I just had one of those "WOW" printing sessions. I'm a real novice printer, so it's not like I produced The Technically Perfect Print That Glows In The Dark, but I got a good print of an image that people are actually going to look at and care about, and I thought that was cool.
See, we vacation every year at the same place on the Oregon coast, with the same group of families---many of those families are now into the third generation, with the children of people who grew up together growing up together. We drove up this year, so I was able to pack along a pretty serious load of photo gear, including my 5x7 Eastman 2-D, a gigantic moose of a camera in oak and brass, with matching tripod and holders.
I mostly used it for landscapes, but it occurred to me that I should take my 3-year-old son and the gang of kids he plays with, sit them all down in one place, and take a group portrait with the big camera. So I did, and of course people boggled at the camera and giggled at me getting under the darkcloth to focus and all that, and I emerged, squidged a holder in, dry-fired to make sure the settings were sane, pulled the darkslide, said "Try to look like a person!" and shot.
The result is a picture of five little kids and a dog sitting on a staircase, with some motion blur (nobody under voting age can hold still for 1/8 of a second unless they're asleep) and no particularly interesting compositional elements. It ain't art; it's a snapshot, but taking it was loads of fun.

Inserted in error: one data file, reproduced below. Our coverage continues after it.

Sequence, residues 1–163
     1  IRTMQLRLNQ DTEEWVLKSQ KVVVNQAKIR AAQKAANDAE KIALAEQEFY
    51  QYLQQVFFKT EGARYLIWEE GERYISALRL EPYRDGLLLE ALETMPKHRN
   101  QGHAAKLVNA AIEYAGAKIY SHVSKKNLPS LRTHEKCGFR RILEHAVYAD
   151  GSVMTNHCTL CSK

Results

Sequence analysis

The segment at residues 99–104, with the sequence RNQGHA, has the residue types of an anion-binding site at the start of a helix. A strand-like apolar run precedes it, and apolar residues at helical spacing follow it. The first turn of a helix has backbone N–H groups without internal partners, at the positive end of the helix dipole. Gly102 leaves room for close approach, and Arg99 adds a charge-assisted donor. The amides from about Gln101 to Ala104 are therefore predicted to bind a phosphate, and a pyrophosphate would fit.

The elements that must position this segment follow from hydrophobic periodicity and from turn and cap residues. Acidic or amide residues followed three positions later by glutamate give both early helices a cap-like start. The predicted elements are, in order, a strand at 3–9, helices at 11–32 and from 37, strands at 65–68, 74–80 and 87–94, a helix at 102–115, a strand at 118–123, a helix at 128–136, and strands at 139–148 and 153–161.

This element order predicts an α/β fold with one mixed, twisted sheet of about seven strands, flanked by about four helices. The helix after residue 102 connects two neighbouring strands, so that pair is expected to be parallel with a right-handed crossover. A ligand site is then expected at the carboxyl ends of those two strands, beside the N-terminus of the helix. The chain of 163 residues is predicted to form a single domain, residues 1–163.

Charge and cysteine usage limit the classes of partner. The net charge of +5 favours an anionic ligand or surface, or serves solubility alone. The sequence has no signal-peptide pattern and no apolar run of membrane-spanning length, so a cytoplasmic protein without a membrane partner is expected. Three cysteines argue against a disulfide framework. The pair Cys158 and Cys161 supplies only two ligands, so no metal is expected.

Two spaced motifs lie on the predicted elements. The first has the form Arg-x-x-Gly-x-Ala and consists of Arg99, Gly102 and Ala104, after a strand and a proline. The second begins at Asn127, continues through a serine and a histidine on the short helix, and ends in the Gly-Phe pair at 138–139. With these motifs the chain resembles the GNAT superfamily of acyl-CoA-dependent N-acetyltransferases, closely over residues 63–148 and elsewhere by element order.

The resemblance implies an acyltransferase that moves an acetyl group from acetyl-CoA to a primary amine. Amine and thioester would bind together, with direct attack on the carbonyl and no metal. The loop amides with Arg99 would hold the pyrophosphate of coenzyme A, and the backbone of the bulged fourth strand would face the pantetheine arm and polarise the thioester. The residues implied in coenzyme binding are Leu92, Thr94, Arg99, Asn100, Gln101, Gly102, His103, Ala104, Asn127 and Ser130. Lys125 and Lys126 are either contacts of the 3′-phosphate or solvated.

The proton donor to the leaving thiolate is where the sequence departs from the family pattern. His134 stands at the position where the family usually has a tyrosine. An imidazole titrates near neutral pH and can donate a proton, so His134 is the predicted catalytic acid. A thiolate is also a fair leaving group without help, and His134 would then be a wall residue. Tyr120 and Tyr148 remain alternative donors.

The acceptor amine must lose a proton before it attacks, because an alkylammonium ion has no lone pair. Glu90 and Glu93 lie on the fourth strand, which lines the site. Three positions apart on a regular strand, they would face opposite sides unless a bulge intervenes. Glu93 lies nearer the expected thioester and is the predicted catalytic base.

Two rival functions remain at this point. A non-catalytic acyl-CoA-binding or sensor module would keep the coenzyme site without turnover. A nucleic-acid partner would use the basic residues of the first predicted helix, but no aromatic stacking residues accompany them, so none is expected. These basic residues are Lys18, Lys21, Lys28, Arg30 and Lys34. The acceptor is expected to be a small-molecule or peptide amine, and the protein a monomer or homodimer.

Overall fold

And tonight I got in the darkroom with the negative, and my first test print was dead-on and looked great, at least to the eye of the parent of a subject. I took it out to show to my son, and of course he lit up and identified everyone in the photo and wanted to play with it. Made a second one to send to the grandmother of most of the other kids, at her request. I figure in future years I'll try to do the same thing, and after a while we'll start getting photos of five disreputable-looking teenagers (and probably a dog) sitting on the same staircase, and future descendants can wonder what that was all about.
None of this is the kind of photography we normally talk about on APUG, because People Don't Do Vernacular Photography On Film Any More, much less with a large-format camera and contact prints. But dang, it's fun to do it that way!
I don't have a point. I just wanted to crow about a successful printing session and the fun factor of using the photographic medium as it used to be done. Hey, does anybody know where I can get one of those birdies on the end of a stick to hold up and make the kids smile?